Reader’s Guide for The Nine Phases of Marriage

1. The author describes nine phases of marriage. Which phases resonate for you as a wife and why?

2. In her preface, Barash states that women highly value being a wife and that for many, it is a big piece of their identity. Do you agree or disagree with this, and do you find that it applies to you?

3. Eighty percent of the wives in Barash’s study have based their marriages on romantic love. Have you married for this reason and would you encourage a daughter, a sister, or a friend to do the same?

4. If money issues affect most marriages, how do you feel that it works in your marriage, and has this changed over time?

5. Discuss why and how a wife may lose her self-esteem in a marriage. Do you feel that your husband is controlling and/or critical, and were you aware of this at the beginning of the marriage?

6. The author found that when wives communicated their needs to their husbands, this improved the situation. Yet many women expected that their husbands could anticipate their desires and were upset with having to spell it out. Has this been your experience?

7. While most women agree that having children has changed their marriages, there are those who feel this has enriched the relationship and those who feel it has stressed their marriages. Where do you fit in?

8. The author cites frictions in a marriage, including finances, children, in-laws, demands of work, lifestyle choices. Which of these are applicable to your marriage?

9. In the middle of the book, Barash takes a look at how distance between partners creeps into the marriage. For some wives, it’s about conflict; for others, it’s about what is missing emotionally and/or physically. Do you feel that your marriage is at this stage or that it could occur in the future?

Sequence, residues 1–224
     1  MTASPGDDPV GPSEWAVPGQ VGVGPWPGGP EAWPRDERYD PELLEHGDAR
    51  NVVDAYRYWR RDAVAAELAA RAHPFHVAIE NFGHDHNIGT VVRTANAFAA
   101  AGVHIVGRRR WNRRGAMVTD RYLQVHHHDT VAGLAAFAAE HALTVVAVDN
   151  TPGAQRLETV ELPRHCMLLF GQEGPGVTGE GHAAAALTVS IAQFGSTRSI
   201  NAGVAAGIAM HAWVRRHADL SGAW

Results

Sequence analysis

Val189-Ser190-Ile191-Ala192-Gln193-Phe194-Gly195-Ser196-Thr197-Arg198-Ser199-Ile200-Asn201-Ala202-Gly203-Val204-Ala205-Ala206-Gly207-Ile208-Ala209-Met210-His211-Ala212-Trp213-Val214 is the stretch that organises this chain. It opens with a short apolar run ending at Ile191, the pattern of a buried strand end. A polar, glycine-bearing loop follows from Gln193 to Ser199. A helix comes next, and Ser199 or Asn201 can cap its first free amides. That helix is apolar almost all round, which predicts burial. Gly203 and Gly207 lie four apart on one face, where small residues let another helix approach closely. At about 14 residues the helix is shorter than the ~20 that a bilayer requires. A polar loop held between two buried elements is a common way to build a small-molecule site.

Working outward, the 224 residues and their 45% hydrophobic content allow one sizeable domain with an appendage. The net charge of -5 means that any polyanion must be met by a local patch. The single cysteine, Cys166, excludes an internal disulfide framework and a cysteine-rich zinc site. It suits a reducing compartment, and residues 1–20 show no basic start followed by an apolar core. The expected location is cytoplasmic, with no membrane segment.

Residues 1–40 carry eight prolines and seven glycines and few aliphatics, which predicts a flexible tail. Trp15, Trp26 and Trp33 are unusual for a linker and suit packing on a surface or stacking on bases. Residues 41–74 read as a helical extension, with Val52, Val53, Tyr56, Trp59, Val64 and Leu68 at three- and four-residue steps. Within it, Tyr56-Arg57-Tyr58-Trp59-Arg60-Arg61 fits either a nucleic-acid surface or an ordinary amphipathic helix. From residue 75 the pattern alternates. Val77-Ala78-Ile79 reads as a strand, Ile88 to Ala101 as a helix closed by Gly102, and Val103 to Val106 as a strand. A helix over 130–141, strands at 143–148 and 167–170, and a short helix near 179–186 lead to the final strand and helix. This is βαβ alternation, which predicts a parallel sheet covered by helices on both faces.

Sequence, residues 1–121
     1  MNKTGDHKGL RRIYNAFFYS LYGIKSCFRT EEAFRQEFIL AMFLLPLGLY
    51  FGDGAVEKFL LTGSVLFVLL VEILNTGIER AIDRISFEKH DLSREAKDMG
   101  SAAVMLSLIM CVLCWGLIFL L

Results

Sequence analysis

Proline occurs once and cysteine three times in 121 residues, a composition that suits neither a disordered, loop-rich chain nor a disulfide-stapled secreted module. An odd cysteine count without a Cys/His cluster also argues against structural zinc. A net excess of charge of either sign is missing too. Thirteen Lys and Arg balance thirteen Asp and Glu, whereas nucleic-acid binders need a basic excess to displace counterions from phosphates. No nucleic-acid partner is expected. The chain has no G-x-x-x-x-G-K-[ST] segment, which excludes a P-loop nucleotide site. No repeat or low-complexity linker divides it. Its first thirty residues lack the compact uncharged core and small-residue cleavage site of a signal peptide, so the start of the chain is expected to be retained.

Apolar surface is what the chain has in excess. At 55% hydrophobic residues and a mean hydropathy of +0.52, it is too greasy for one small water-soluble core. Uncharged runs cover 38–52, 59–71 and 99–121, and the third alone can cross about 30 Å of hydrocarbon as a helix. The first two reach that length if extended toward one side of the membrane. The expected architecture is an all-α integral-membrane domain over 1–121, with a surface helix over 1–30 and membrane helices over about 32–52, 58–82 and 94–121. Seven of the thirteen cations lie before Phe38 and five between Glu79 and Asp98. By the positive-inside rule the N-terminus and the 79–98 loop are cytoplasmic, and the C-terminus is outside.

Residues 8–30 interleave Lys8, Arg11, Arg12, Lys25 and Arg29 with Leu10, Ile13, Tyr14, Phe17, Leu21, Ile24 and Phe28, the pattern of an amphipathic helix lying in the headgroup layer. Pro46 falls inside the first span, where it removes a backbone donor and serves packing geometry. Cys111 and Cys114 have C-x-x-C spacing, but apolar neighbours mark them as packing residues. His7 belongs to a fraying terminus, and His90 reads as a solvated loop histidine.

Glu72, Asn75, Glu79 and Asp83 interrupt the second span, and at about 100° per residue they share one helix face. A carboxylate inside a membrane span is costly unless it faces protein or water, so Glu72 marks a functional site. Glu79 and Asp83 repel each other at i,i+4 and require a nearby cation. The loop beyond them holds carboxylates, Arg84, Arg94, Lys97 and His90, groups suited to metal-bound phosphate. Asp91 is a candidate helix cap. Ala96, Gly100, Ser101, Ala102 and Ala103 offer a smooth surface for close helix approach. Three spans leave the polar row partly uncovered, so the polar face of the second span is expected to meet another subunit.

10. Define the author’s interpretation of “happily married.” Do you believe that after a certain number of years as a wife, this definition changes?

11. What are your thoughts on the author’s advice on trial separations? What do you believe we owe to ourselves if we are dissatisfied in a marriage, and what do we owe to our husbands and to the relationship itself?

12. What do you think of Barash’s findings on midlife divorce? She details how some wives have fallen out of love, others feel that children have taken up too much of the relationship. She writes that wives may embark on an affair or the husband might be having an affair. What scenario in your marriage would precipitate divorce?

13. In Phase Seven, Barash investigates “second chances” in a marriage. Some wives renegotiate their marriages, others divorce, some divorce and remarry. What is your impression of how wives make this decision? Do you identify more with the wife who will stay in her marriage and take the steps to save it, or the wife who moves on?

14. Are there parts of this book that you would recommend to a friend, sister, or daughter as she contemplates her dissatisfaction in her marriage?

15. The author’s intent is to help us recognize the experiences we have per the nine phases of marriage. Throughout, despite the obstacles, Barash underscores how much women value the role of wife and want their marriages to be successful. Does this give you insight into your own marriage and a better understanding of what to expect?